Bel Air resident Ryan Warfield has been a driver for DoorDash for about two years, delivering restaurant meals to people, but Thursday was the first time he has delivered Christmas trees and decorations.
“I deliver what people want,” noted Warfield, who was one of a handful of DoorDash drivers who swung by Bel Air United Methodist Church to pick up boxes of 7-foot artificial trees, along with decorations to be delivered to local families and community organizations.
The deliveries were coordinated by the United Way of Central Maryland as an initiative of its Home for Holidays program to help families in need during the Christmas season — 300 trees plus sets of decorations were slated to be delivered throughout the Baltimore region Thursday, including about 40 trees in Harford County.
The trees and decorations were among bags of nonperishable food, toys and other items being stored at the church for distribution to those in need. The DoorDash drivers pulled up, and either Amy Novak, director of development for the United Way, or Greg LaCour, head of the church’s food ministry, helped them put the trees and decorations in their vehicles.
Warfield happened to be dressed in Christmas colors, with a green shirt and red pants, during his pickup. He said his outfit was a coincidence, quipping that “’tis the season!”
“It’s definitely cool,” he said of the tree deliveries. “People will be happy — God knows, we need it for this year.”
DoorDash, which became a publicly traded company Wednesday with its initial public offering of stock, is a food-delivery app that allows users to order restaurant meals for delivery or pickup. A driver, known as a “Dasher,” then delivers the meal to the customer.
Sarah Smoot, of Bel Air, has worked with DoorDash since September. Making deliveries is her only job at the moment, as she was furloughed from her job with the YMCA earlier this year. She worked through the Y at a local school but could not continue to do so when Harford County Public Schools were closed for in-person learning and activities because of the COVID-19 pandemic.
“It’s still a nice thing to do, and you’re still making people happy,” she said of her current work.
Most of her food deliveries are no-contact, meaning she does not interact with the customer at the door, but she often gets text messages after she leaves, thanking her for the meal.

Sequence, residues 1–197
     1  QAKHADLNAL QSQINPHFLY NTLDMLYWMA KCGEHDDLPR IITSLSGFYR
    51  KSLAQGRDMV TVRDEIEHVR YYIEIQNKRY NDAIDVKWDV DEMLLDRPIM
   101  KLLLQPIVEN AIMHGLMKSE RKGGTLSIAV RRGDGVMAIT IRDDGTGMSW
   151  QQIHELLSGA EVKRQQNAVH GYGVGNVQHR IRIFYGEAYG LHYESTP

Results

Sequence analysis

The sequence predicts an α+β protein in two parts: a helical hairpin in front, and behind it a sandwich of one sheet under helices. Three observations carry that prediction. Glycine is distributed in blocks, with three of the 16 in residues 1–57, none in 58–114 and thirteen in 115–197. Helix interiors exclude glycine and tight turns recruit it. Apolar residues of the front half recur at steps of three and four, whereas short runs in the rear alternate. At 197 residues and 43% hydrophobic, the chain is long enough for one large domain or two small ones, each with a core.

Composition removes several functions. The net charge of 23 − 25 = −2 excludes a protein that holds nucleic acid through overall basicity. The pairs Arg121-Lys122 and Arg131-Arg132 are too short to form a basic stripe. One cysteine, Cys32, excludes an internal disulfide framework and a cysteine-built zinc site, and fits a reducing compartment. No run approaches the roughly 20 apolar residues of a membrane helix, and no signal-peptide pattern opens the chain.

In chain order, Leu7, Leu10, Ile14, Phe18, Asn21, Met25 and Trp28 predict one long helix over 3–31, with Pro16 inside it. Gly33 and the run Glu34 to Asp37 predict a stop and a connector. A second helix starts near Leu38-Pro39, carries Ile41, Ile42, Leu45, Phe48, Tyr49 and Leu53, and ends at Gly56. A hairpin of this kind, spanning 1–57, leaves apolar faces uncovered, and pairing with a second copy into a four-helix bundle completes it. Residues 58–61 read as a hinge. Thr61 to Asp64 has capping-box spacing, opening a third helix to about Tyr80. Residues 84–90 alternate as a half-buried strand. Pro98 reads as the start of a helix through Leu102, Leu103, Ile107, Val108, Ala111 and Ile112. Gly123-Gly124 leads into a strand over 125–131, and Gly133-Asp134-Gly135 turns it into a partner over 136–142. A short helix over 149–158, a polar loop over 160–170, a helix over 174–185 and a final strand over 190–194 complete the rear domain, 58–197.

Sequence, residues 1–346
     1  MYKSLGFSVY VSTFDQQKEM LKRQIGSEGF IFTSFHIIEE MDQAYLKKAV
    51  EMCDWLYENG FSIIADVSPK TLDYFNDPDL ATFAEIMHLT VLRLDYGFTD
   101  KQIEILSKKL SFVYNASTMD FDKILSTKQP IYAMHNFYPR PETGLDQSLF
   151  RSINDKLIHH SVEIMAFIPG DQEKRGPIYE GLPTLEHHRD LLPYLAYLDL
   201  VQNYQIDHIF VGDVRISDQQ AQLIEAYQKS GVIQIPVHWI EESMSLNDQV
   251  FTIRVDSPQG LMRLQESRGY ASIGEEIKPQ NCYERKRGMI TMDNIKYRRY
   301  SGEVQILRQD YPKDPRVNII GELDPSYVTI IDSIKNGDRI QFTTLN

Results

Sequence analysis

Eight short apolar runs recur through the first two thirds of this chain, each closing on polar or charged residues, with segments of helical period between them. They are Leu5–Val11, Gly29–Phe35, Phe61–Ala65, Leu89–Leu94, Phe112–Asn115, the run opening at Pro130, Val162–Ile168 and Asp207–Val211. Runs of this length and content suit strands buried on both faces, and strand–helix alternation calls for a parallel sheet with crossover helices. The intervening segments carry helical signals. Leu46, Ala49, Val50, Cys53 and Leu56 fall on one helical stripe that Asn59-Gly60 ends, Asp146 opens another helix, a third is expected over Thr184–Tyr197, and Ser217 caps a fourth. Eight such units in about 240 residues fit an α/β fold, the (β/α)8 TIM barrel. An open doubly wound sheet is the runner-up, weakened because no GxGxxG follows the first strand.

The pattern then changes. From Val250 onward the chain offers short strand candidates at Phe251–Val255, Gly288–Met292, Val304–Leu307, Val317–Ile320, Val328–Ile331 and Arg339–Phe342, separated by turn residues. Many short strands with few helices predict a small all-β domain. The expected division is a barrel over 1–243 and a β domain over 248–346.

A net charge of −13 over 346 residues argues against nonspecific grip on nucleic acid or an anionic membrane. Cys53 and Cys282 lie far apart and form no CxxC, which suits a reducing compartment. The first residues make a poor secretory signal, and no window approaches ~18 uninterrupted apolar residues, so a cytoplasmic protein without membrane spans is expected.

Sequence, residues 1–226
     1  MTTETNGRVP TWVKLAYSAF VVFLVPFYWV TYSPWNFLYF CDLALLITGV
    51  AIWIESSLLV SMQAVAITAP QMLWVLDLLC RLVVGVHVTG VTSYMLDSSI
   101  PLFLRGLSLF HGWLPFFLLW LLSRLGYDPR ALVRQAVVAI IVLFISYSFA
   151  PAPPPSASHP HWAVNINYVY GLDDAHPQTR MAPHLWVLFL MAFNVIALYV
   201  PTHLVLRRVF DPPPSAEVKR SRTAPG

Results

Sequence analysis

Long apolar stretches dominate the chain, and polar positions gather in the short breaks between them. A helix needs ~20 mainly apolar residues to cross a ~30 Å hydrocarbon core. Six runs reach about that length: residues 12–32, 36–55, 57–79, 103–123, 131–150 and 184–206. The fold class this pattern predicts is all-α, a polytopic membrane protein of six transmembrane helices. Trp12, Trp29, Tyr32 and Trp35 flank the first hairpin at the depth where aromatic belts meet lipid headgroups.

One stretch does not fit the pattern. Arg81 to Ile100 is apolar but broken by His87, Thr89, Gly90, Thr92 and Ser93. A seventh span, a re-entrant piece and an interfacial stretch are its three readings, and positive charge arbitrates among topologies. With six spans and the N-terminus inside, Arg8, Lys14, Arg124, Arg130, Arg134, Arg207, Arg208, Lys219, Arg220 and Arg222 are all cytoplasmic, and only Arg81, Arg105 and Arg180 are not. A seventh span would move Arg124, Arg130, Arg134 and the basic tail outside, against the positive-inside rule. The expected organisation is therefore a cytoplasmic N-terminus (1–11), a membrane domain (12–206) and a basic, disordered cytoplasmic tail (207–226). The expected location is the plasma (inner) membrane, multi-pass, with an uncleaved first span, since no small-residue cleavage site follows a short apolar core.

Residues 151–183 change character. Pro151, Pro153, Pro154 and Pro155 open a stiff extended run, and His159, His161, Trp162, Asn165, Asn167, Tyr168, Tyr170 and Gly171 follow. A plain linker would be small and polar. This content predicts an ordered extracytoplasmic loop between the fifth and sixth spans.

“Even if I don’t see them, it’s a nice thing people have been doing and I appreciate that,” she said.
The United Way of Central Maryland has partnerships with multiple individuals, organizations and business entities — Novak cited last year’s series of volunteer events in concert with the Baltimore Ravens as part of the NFL’s “Huddle for 100″ community service initiative. DoorDash stepped up this year to assist the United Way, she said.
“Once big partners get involved, like the Ravens, others want to come on board,” Novak said. “It just shines a really nice light on the work that we’re doing.”
The United Way also has an adopt-a-family initiative for the holidays, through which people can support a family in need in the Baltimore area this season — about 20 families in Harford County have been adopted, according to Novak.
Demand for United Way services has increased this year with the pandemic, since more people are in need of food, mental health services and housing assistance as moratoriums on evictions come to an end, according to Novak. She noted that the need for assistance could be even greater than what has been communicated, as many families who need aid for the first time don’t know where to turn.
Novak encouraged those who need help, or those who want to provide support, to call 211 or visit the United Way of Central Maryland website. She praised the many people who have volunteered to help this season.
“With all the negativity that’s around COVID, we’re seeing the kindness and generosity of people rise to the top,” she said.
Bel Air United Methodist Church serves as a storage site for goods to distribute to people in need in Harford County. When companies such as Amazon have surplus items in overstock, they contact the United Way, and church officials pick up and store the materials, according to LaCour.
United Way representatives then come by and pick out the items they need, such as laundry detergent, clothing, even batteries. Anything left over is distributed to families supported by the church, or community organizations with which the church partners.
“It’s wonderful,” LaCour said of the donated Christmas trees. “These are the things that brighten up a house and get you in that Christmas spirit ... if these trees can make someone smile, then we’re all winners.”